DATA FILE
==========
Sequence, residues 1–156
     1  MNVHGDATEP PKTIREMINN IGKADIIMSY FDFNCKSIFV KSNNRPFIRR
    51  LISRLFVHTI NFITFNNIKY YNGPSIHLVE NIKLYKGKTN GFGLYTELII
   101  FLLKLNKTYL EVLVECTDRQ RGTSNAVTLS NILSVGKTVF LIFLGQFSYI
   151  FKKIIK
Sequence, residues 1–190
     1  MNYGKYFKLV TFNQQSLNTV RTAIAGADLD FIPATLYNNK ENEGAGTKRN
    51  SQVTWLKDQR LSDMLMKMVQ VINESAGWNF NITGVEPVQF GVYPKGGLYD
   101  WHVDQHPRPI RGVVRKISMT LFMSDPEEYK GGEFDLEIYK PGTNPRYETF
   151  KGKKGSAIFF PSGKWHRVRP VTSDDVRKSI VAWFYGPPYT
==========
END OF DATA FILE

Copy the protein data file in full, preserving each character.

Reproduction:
Sequence, residues 1–156
     1  MNVHGDATEP PKTIREMINN IGKADIIMSY FDFNCKSIFV KSNNRPFIRR
    51  LISRLFVHTI NFITFNNIKY YNGPSIHLVE NIKLYKGKTN GFGLYTELII
   101  FLLKLNKTYL EVLVECTDRQ RGTSNAVTLS NILSVGKTVF LIFLGQFSYI
   151  FKKIIK
Sequence, residues 1–190
     1  MNYGKYFKLV TFNQQSLNTV RTAIAGADLD FIPATLYNNK ENEGAGTKRN
    51  SQVTWLKDQR LSDMLMKMVQ VINESAGWNF NITGVEPVQF GVYPKGGLYD
   101  WHVDQHPRPI RGVVRKISMT LFMSDPEEYK GGEFDLEIYK PGTNPRYETF
   151  KGKKGSAIFF PSGKWHRVRP VTSDDVRKSI VAWFYGPPYT